“We’ve just had to really keep our costs low so we’ve just had to prioritize a minimalist approach to doing theater,” he said, stating that recycling materials from existing sets and refraining from building extravagant sets are two ways they’ve kept operating costs low. “Cost forces us to be really creative with our resources because we don’t have a lot of them.”
The fact that Wasatch Theatre Company’s seven-person board doubles as an artistic staff — all volunteers — also helps the company keeps costs down, allowing the group to allocate funds toward stipends for the actors and technicians.
“We don’t want people to have to work for free so we offer them a small stipend as an appreciation for their contribution,” he said.
Salt likewise has to get creative with staffing. Corbett and Michelle Nielsen, Salt's founder and artistic director, are the company’s only full-time staff members, with five others working part time and the group’s full company of eight also taking on administrative responsibilities.
“We have the need for a full staff but we can’t pay them yet, so that’s a challenge: How can we get by and make things happen in the most professional way but on a minimal budget?” Corbett said. “That’s where I get to do a lot of problem-solving.”
Bowcutt said smaller groups moving away from the “traditional” model of how things have been done in the past is another way they make the most of their resources. Instead of sticking to a rigid schedule or paying to rent or build a permanent home, new smaller arts groups take a more flexible approach.
“Instead of having a regular season, they produce a show and then they take time, and then they produce another show, so they’re not beholden to old structures of ‘this is our space, this is our season,’” he said. “They are OK with functioning in these different ways, so I think that’s an exciting thing to see in the art community.”
Additionally, partnerships also allow smaller groups to spread the word about their work in a more financially feasible way. Bowcutt highlighted Plan-B Theatre company, stating that the group often partners with other community organizations whose missions fit with the subject matter portrayed in the group’s plays, and the two groups work together to promote the show and a cause.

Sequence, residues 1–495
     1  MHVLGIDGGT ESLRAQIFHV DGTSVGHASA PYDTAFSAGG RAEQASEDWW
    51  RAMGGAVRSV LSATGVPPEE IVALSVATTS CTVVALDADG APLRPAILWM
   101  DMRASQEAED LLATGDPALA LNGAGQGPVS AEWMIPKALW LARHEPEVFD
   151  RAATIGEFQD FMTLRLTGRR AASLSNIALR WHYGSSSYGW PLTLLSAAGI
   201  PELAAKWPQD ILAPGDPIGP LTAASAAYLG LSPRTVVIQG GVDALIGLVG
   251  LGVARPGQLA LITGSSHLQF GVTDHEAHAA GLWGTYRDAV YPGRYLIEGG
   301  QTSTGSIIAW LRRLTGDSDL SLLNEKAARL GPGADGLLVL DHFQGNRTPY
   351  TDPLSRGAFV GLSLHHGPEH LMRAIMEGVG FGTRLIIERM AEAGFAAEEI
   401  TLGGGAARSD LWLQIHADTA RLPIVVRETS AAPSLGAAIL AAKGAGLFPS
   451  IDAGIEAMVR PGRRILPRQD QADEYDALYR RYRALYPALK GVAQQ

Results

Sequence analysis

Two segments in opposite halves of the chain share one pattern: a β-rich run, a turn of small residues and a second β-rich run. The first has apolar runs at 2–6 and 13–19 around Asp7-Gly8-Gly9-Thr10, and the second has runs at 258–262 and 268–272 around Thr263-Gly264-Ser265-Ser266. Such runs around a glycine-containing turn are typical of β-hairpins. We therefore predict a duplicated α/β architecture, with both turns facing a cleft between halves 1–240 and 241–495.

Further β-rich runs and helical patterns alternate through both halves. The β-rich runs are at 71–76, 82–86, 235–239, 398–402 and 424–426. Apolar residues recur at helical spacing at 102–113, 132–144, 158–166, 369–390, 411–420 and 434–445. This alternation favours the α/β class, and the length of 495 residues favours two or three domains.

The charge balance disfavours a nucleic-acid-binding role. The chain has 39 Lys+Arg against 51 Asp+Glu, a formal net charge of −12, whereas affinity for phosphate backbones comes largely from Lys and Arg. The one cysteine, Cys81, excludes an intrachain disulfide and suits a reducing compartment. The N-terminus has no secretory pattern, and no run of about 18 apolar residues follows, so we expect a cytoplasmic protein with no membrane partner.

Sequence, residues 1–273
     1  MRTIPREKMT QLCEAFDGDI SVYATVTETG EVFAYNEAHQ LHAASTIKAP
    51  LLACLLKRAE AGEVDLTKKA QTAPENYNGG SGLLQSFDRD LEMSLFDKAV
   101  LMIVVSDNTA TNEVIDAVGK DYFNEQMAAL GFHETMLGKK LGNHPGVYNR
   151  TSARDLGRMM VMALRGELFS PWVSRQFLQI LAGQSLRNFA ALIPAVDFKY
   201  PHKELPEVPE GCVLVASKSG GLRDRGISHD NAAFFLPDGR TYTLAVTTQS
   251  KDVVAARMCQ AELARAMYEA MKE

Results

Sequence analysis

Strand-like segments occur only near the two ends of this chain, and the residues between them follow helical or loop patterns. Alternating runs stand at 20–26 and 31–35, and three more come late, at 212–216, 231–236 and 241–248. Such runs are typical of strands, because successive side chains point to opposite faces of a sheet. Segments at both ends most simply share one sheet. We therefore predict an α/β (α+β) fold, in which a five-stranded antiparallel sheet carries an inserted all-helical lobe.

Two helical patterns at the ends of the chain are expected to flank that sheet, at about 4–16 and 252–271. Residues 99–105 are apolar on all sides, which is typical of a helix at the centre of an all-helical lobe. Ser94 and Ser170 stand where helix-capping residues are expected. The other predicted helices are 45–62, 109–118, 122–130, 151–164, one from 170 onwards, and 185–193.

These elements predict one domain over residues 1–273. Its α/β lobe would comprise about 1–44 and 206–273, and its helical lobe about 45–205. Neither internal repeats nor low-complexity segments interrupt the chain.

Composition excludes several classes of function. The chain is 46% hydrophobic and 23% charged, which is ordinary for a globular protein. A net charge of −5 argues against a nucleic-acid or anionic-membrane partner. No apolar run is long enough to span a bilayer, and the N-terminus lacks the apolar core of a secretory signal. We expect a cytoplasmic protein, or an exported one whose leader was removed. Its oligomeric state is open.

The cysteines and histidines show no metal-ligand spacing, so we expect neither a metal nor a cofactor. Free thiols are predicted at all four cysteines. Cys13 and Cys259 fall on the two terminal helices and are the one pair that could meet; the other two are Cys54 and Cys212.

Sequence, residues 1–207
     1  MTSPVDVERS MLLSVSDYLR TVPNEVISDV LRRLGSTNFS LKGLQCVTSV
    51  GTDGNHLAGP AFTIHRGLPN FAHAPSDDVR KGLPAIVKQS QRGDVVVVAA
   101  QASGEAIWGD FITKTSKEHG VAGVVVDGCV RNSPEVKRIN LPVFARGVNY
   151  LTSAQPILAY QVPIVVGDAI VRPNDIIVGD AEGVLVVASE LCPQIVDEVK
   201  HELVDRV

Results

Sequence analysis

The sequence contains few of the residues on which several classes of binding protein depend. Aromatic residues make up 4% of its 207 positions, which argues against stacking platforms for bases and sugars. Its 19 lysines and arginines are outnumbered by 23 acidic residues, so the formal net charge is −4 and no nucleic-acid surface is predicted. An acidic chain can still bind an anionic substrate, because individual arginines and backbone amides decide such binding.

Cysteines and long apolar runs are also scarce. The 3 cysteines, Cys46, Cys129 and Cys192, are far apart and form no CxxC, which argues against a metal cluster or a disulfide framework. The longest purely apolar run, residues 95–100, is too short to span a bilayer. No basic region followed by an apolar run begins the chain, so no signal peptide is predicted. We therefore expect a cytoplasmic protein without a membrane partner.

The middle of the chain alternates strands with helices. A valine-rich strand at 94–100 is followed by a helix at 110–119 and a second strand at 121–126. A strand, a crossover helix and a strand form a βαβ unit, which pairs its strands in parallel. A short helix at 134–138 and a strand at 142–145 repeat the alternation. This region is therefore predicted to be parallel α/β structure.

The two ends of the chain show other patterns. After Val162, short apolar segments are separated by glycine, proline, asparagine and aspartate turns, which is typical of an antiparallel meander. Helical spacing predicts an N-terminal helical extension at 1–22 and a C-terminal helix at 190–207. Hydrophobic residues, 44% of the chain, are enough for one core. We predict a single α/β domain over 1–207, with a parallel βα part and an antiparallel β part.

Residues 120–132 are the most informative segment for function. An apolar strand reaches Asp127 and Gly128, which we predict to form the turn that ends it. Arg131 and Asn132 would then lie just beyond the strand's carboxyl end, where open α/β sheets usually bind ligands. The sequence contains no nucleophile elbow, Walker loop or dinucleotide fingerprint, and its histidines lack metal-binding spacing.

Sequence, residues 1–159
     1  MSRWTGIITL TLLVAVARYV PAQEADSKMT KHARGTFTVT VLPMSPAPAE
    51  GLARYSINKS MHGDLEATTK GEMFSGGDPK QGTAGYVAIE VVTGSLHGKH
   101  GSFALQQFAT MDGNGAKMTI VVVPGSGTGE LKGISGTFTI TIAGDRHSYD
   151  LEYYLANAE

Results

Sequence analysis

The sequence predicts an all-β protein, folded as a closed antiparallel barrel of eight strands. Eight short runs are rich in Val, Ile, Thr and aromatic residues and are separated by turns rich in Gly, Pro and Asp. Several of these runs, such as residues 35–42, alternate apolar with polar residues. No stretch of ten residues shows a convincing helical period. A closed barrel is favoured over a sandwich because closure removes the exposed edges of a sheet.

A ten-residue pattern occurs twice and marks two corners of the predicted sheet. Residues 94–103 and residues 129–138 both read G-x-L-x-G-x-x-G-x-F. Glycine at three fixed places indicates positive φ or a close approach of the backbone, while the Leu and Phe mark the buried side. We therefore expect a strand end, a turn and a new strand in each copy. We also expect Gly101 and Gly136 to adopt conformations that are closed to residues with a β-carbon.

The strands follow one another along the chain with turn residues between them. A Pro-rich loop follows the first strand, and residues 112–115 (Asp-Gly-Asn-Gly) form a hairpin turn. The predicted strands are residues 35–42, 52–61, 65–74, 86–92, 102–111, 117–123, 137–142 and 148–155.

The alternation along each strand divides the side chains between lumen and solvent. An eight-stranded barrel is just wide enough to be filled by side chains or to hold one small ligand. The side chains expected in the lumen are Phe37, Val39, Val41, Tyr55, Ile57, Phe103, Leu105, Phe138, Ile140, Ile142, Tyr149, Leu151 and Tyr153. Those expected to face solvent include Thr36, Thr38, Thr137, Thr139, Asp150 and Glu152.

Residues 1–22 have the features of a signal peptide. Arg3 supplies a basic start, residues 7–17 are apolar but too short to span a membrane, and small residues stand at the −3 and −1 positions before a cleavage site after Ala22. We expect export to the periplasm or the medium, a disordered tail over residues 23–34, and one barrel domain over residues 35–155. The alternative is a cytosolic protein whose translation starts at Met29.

“There’s interesting connections that can be made, and oftentimes those other organizations are also nonprofits so there’s great opportunity to increase your visibility,” he said. “There’s new marketing opportunities that come along with doing that.”
Marketing opportunities such as this are at the heart of downtown Salt Lake's The Blocks initiative, unveiled in July. It is a rebranding of the Cultural Core, an agreement established in 2010 between Salt Lake City and Salt Lake County to pool resources in order to increase participation in the arts.
“We really want to push up these legacy arts organizations, some of these smaller dance companies, local artists, buskers, whatever it may be,” Ryan Mack, the Downtown Alliance’s communication and marketing director, said of The Blocks in a previous Deseret News article.
According to the initiative's new website — theblocksslc.com — the 20-year agreement brings together arts organizations, creatives and community leaders to facilitate collaborations that will eventually lead to an even stronger creative community. Although The Blocks doesn't directly provide funding for the individual arts organizations it promotes, it does help by providing additional marketing opportunities through the website and collaborations and events.
Although funding will always remain a challenge for arts organizations — particularly smaller groups like Salt Contemporary Dance and Wasatch Theatre Company — making the most of current resources and embracing new marketing opportunities can give these groups hope for a future The Blocks envisions: Salt Lake City as "the premier urban cultural district of the Intermountain West."
Part three of our series, "Beyond Abravanel Hall," will examine how Utah's smaller arts groups work to find the right home and how those homes can shape their future. It will be available Sunday, Aug. 12.